Kiss of Death [based on a story by Eleazar Lipsky] is given the same semi-documentary treatment that 20th-Fox used in its three fact dramas, The House on 92nd Street, 13 Rue Madeleine and Boomerang!.

Kiss of Death [based on a story by Eleazar Lipsky] is given the same semi-documentary treatment that 20th-Fox used in its three fact dramas, The House on 92nd Street, 13 Rue Madeleine and Boomerang!.

Theme is of an ex-convict who sacrifices himself to gangster guns to save his wife and two small daughters. Henry Hathaway’s real-life slant on direction brings the picture close to authentic tragedy.

Victor Mature, as the ex-convict, does some of his best work. Brian Donlevy and Coleen Gray also justify their star billing, Donlevy as the assistant district attorney who sends Mature to Sing Sing for a jewelry store robbery, and later makes use of him as a stool pigeon, Gray as the girl Mature marries after being paroled.

The acting sensation of the piece is Richard Widmark, as the dimwit, blood-lusty killer.

Plot hook of the script is the decision of Mature to turn stoolie when he learns that his wife has been driven to suicide by his pals, who had promised to care for her while he was in prison, and that his two children have been put in an orphanage. He fingers Widmark for a murder rap in return for parole, marries Gray and starts a new home for his children, only to live in terror when Widmark is acquitted and set at liberty.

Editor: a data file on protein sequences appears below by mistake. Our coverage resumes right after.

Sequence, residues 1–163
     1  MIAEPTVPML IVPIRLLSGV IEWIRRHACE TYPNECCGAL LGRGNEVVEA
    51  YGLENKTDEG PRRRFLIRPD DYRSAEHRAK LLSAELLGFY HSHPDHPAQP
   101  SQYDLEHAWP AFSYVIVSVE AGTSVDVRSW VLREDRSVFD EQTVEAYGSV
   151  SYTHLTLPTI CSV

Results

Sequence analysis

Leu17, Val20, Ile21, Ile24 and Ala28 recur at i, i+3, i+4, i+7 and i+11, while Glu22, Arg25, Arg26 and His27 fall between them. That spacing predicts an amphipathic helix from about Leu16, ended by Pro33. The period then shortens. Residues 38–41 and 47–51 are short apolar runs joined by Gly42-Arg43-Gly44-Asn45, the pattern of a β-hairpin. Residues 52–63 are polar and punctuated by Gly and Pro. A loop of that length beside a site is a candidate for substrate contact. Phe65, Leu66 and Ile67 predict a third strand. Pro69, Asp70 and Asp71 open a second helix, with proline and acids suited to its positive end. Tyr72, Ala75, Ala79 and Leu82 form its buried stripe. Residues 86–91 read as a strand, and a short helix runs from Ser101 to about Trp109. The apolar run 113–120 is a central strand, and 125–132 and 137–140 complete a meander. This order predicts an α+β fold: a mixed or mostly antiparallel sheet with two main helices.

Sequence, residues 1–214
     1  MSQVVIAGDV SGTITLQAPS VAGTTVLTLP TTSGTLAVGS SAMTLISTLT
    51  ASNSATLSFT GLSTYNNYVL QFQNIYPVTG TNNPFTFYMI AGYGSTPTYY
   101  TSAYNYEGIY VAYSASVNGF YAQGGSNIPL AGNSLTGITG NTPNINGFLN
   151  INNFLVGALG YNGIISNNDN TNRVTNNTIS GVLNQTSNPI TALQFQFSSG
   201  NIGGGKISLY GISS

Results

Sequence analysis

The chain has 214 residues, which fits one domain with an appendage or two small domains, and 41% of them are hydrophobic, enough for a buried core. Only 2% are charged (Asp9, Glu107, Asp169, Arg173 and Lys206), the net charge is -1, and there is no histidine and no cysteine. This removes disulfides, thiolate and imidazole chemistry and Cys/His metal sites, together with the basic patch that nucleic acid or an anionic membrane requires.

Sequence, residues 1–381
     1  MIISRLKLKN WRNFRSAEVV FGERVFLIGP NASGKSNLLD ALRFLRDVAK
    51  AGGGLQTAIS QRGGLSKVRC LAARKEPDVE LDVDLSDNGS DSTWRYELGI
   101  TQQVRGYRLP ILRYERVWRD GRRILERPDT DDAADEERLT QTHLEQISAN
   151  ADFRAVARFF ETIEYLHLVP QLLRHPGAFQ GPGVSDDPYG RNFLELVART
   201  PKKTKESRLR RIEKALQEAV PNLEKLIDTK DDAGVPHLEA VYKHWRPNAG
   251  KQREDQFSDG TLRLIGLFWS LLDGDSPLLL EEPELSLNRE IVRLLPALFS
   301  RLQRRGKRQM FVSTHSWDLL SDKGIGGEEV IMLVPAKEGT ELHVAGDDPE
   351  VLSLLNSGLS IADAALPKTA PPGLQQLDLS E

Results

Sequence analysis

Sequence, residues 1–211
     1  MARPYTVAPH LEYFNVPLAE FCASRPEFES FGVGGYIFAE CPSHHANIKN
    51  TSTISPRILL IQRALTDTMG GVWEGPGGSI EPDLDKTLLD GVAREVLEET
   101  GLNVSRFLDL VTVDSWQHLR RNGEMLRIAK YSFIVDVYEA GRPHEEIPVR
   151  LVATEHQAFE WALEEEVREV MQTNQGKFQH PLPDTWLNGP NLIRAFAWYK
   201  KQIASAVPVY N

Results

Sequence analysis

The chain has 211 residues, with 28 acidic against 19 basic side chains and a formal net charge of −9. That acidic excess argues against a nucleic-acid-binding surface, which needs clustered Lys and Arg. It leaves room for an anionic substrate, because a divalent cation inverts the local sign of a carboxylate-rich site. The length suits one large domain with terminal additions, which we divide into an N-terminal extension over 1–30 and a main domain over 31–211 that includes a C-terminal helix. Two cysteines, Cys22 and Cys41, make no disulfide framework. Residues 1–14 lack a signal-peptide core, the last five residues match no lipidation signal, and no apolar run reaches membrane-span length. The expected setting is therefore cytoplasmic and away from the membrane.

1947: Nominations: Best Supp. Actor (Richard Widmark), Original Story

Kiss of Death

Production

20th Century-Fox. Director Henry Hathaway; Producer Fred Kohlmar; Screenplay Ben Hecht, Charles Lederer; Camera Norbert Brodine; Editor J. Watson Webb Jr; Music David Buttolph; Art Director Lyle R. Wheeler, Leland Fuller

Crew

(B&W) Available on VHS. Extract of a review from 1947. Running time: 98 MIN.

With

Victor Mature Brian Donlevy Coleen Gray Richard Widmark Karl Malden Mildred Dunnock
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